I have an older cat who, like most older cats, is starting to have some kidney issues. Not severe, but she's noticeably drinking/peeling more.

Our vet says that the "senior cat" mixtures from the better pet food brands are not bad, but that we should consider moving to one of the prescription diets specifically balanced to reduce load on the kidneys.

I'm not opposed... but I'm somewhat confused about why a script is required to purchase these foods. Presumably they are as nutritionally complete as other foods from the same company. It's not as if there were controlled substances in the mix, or as if the vet was getting any additional payment for writing the script, given that the critter gets a yearly checkup anyway. And the specialized foods are more expensive, which should be sufficient to deter dangerously inappropriate use.

So how did we wind up needing the vet's approval to order these diets? Is it purely a marketing scheme by the pet food companies to make the diet seem more curative so pet owners will take it more seriously, or is there actually a good reason?

  • have you compared the cost of the kidney food with regular catfood? i have found that the kidney food is less expensive than you might think because you can use less food each day,and in my experience the kidney food will help your cat have a better and longer life.i can promise you that the kidney food is more than a bright idea to get a hold of your money,it does work in delaying the development of kidney failure. Jan 28, 2023 at 5:22
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    I know the specialized diet helps; my question was why a script is required.
    – keshlam
    Jan 28, 2023 at 9:24
  • it is possible that your cat needs to be registered at the vet for you to buy kidney food,but where i live (norway) you do not need a prescription but i guess it is registered at the vet (you get a mail with a list of what you did buy from the vet). Jan 28, 2023 at 16:52

1 Answer 1


The exact legalities may vary by location, but the simple reason prescription diets require a prescription is because they are appropriate only for certain pets with a certain medical condition.

That's not to say that it's necessarily harmful to give the prescription diet to another pet, in the same way that it's probably not harmful to give, say, a common antibiotic to a pet that didn't really need it.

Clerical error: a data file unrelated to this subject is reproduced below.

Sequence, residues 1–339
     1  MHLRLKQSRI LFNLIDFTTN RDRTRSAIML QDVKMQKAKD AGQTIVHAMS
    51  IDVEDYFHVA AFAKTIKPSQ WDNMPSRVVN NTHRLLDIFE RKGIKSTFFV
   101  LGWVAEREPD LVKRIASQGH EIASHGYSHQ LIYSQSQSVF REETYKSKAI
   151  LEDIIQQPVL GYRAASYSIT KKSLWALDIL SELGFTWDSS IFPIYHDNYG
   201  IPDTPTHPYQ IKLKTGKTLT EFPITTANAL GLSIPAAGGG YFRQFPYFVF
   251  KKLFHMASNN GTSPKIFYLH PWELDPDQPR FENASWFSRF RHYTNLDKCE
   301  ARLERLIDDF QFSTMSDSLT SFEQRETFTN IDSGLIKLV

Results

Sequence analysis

Pet food nutrition is regulated (again, the details will depend somewhat on the location). For example, in the United States, for a pet food manufacturer to sell a food with "complete and balanced" on the label (AAFCO standard), there are certain nutrient minimums. Many prescription diets may fall outside the minimum range. For instance, for adult cat food, AAFCO requires phosphorus levels of at least 0.5% on dry matter basis. Kidney diets are low in phosphorus, as this is beneficial for the kidneys (e.g. Hill's k/d tuna canned has phosphorus 0.47%). Diets for growth require at least phosphorus of 0.8%. Obviously, for this reason a prescription kidney diet you be at very least a poor choice for a growing animal without kidney disease, and in worst case potentially quite harmful.

These prescription diets have to undergo rigorous testing to establish that they are appropriate for the medical condition they treat, in the same way a drug is tested before doctors can start prescribing it.

Now, why feed a kidney diet? The two main benefits of a kidney diet are moderate protein restriction and phosphorus restriction. Opinions will vary among vets as to when best to start a kidney diet, but there is some good evidence that being proactive about starting a kidney diet may improve long term survival. As a clinician one concern with starting a kidney diet too early is the protein restriction; cats are carnivores, and consuming less protein may result in loss of muscle mass. For this reason a few of the pet food companies have developed 'early stage' renal diets (e.g. Hill's k/d Early Support or Royal Canin Renal Early Consult), the thought being that in these early stages those patients may not require quite as significant protein restriction.

  • Ah. I was under the impression that the shift was significant but still within normal range; I know some standard dry foods ate considered significantly worse than others ..... Makes some sense, then.
    – keshlam
    Jan 28, 2023 at 9:23

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